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KYODO (Japan)

SENDAI – Kenichi Yamamoto, 63, was driving through Tagajo prefecture, in northeastern Japan, when the March 11, 2011 tsunami struck. The former Toyota employee, a science and engineering professor at Ishinomaki University, narrowly escaped death. "His car immediately started filling with water, tipping it 45 degrees. He barely managed to escape by breaking one of the vehicle's windows by hand," reports Kyodo news agency.

After speaking with 16 other drivers who had also survived the tsunami by breaking their cars' windows, he began to think about designing a car that would be able to float "for long periods." Many of the survivors reported their cars flooding and sinking almost immediately after being struck by the giant wave.

Yamamoto's research team will conduct experiments by sinking cars in a pond, to see which components remain functional underwater and how to improve airtightness.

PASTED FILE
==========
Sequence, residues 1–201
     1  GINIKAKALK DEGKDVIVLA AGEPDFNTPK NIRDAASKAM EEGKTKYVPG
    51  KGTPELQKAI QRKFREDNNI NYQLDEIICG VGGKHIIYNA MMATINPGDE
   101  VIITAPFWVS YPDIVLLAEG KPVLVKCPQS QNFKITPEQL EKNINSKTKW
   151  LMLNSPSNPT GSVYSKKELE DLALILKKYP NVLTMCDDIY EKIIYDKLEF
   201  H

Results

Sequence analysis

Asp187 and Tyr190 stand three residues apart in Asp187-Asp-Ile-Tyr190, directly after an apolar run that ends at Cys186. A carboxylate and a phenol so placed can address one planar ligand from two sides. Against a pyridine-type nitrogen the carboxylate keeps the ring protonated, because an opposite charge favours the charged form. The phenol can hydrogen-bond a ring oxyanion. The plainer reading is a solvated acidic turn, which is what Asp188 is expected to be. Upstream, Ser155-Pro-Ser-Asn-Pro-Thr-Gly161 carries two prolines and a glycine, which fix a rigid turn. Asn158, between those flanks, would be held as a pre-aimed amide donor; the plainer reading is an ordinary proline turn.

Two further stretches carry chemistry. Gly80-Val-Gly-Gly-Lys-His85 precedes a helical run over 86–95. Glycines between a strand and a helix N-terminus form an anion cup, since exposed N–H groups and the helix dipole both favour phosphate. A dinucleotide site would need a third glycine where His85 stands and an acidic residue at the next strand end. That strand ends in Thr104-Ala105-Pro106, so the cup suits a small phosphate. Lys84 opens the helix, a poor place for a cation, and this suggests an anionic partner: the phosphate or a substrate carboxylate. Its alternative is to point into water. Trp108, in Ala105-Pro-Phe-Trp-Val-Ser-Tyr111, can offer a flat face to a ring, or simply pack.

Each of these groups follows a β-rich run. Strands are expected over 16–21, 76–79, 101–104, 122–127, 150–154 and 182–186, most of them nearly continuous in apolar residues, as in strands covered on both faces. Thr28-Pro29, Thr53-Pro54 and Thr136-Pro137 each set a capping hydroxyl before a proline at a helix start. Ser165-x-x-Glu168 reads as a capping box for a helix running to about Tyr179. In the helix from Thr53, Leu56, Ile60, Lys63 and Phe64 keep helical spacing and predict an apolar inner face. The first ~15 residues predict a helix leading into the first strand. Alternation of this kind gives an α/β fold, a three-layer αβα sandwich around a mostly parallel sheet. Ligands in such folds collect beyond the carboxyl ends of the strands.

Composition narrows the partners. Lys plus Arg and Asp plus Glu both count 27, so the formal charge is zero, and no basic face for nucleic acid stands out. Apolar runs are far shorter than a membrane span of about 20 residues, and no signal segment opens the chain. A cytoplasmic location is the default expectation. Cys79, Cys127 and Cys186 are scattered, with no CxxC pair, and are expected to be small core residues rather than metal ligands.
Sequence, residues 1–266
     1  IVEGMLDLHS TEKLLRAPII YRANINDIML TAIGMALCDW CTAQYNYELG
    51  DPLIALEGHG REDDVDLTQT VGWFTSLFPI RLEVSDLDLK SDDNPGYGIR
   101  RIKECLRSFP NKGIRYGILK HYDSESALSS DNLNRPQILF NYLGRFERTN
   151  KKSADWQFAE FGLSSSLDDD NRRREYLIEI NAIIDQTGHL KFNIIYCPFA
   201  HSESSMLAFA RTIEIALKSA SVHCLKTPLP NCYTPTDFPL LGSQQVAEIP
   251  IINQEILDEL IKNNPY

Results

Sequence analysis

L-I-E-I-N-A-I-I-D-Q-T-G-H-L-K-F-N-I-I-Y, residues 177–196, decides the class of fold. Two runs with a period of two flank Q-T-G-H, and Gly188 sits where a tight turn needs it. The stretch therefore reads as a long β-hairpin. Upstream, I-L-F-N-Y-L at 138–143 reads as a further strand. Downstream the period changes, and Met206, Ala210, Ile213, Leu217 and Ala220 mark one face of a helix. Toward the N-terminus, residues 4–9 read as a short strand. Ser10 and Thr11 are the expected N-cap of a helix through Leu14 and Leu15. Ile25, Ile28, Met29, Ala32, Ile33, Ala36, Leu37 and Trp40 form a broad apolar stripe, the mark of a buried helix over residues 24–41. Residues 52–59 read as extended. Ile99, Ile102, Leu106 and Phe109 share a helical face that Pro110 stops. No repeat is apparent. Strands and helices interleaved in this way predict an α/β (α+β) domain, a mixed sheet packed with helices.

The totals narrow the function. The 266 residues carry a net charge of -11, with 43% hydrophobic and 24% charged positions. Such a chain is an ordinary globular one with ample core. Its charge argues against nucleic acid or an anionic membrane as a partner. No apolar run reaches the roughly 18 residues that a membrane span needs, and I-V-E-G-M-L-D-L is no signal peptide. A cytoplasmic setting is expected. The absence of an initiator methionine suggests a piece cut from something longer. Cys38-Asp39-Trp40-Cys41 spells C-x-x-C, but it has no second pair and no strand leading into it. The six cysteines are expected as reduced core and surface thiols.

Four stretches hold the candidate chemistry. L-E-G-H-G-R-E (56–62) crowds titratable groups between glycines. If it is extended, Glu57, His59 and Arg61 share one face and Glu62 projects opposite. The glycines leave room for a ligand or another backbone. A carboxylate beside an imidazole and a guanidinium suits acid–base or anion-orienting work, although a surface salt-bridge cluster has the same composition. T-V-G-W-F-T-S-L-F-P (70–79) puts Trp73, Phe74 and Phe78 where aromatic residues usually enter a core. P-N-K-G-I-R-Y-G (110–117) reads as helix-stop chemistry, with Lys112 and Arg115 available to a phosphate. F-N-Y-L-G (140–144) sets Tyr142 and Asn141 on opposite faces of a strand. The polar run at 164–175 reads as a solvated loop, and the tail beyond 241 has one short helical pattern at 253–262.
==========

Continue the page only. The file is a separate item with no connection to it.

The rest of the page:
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Economy

The Many Paradoxes Of Cuba's Eternal Milk Shortages

Milk shortages are not new in Cuba, where the state pays producers less for their milk of what they can gain by selling it on the black market.

A young girl drinks milk inside her home in Cienfuegos, Cuba

Sadiel Mederos Bermudez

HAVANA — "There is no milk" ceased to be a repeated phrase on the island, because everyone knows it and, probably, by now they have resigned themselves.

Children under seven and the elderly with medical diets don’t receive it with the necessary frequency, even if they are the only sectors of the population with the right to acquire it through a government subsidy.

Because there simply is no milk in Cuba.

The rest of Cubans must buy it in stores in freely convertible currency (MLC). However, powdered or fluid milk hasn't been available in stores in MLC for months. Last time, at the beginning of the year, the price of a bag of 1 to 1.2 kilograms was between 6 and 8 MLC ($6-8).

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